American Primitive Artists: Known Artists

HBC has found a number of naive artists who are known by name. We have found a number of these artists and would be interested in any additional artists with which readers are familiar. They have produced particularly interesting portraits showing childrens' fashions during the late-18th and early-19th century. This is of course before we have photography tp create a vast record. Photography created a very accurate and low-cost way of creating portraits. The number of these primtive portrait is small compared to the future photographic record. Much of our knowledge of clothing and fashion from the 18th and early-19th century comes from these primitive artists. And while the depiction of faces may be lacking, the clothing depiction is very detiles as well as providing color information.

Blake, E.W. (United States, mid-19th Century)

This American primitive artist painted many New England portraits, providing valuable information on individual fashion in a period in which photography was just beginning to provide images.

Brewster, John (United States, 1766-1854)

John Brewster was an naive American artist. He was born in Hampton, Connecticut. He was a deaf-mute who was able to work with some success as an itinerant portraitist. He was especially noted for children's portraits. He was active in coatal areas of New England. One 1804 portrait shows a todler boy in an Empire dress.

Johnson, Joshua (United States, early 19th Century)

American primitive artist Joshua Johnson was born about 1763. He was active as an artist from 1796 through 1824. One of his best known work showing boys' clothes was of the the Westwood Children which he painted in 1807.

Moulten. L. (United States, mid-19th century)

HBC has virtually no information on this primative (naive) artist. We believe that he was American. We have one portrait done in 1853. It is of interest because it shows a boy wearing a tunic in what appears to be an early sailor style. This is one of the earliest American images that HBC has which shows that the sailor style that began in Britain had spread to America.

North, Noah (United States, 1809-1880)

American prinitive (naive) artist Noah North painted many portraits, including families and children. Although he did not master perspective well, his detailed paintings provide a good record of early 19th century fashions before photography was developed and fully developed. As with many primitive artists, there is little information available. His strongest affiliation was with New York. He often included animals in his portraits.


Figure 1.--This naive portrait has been attributed to Robert Peckham, probably painted in the 1830s. As far as twe know, the children are not identified, but based on the hair styles are a girl (red dress) and boy (green dress). Both children has lace or ruffled collars done with an oopen fiut and wear pantalettes.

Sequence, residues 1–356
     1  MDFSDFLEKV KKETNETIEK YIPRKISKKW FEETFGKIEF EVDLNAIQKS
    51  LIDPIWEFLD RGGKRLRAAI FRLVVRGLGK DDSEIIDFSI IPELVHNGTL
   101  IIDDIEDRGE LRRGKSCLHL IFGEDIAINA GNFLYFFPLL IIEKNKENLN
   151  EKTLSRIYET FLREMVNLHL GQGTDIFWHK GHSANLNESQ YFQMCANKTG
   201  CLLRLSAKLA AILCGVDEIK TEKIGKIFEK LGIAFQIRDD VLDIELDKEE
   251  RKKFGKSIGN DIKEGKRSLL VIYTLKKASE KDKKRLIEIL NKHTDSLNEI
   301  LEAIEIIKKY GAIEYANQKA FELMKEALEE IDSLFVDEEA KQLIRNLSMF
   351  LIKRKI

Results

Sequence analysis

Peckham, Robert (United States, 1830s-40s)

Robert Pecham (1785-1877)was a Deacon, a Radical Abolitionist and Temperance advocate. His work was largely ignored until art experts determined that several previously unatributed portraits were painted by Peckham. He is now considered to be one of the finest 19th century primitive artists. Not very many of his paintings have been found, but they are particularly detailed portraits, showcasing period fashions, toys, and houshold furnihings. We do not know why he did not do more such portraits. He clearly had natural skill, although he did not have any formal artistic training. Perhaps as a deacon, he did not believe that art was a serious enough activity. And of course over time some of his portraits nmay be lost or not attributed to him. Dale Johnson's work on 'The Children of Oliver Adams' led to the relization that several unattributed portraits were done by Peckham, including 'The Raymonf Children', 'the Hobby Horse' (figure 1), 'Rosa Heyood', and 'Charles E. Eaton and His Sister'. Naive art is commonly unsigned, but is often attribued by art historians as a result of documentation by the families of the subjects painted. The Peckham portraits are simukar to other naive work, but one art historian is struck by 'the arrting visual confrontation the eyes of the subjects make with the viewer'. And of course the attention to detail. [Johnson, p.27.] In addition to sylistic similarities, the individuals can be traced to the area around Worcester and Middlesex Massacusettes Counties where Peckham lived. And they cabn be dated to the 1830s-40s by the age of the subjects.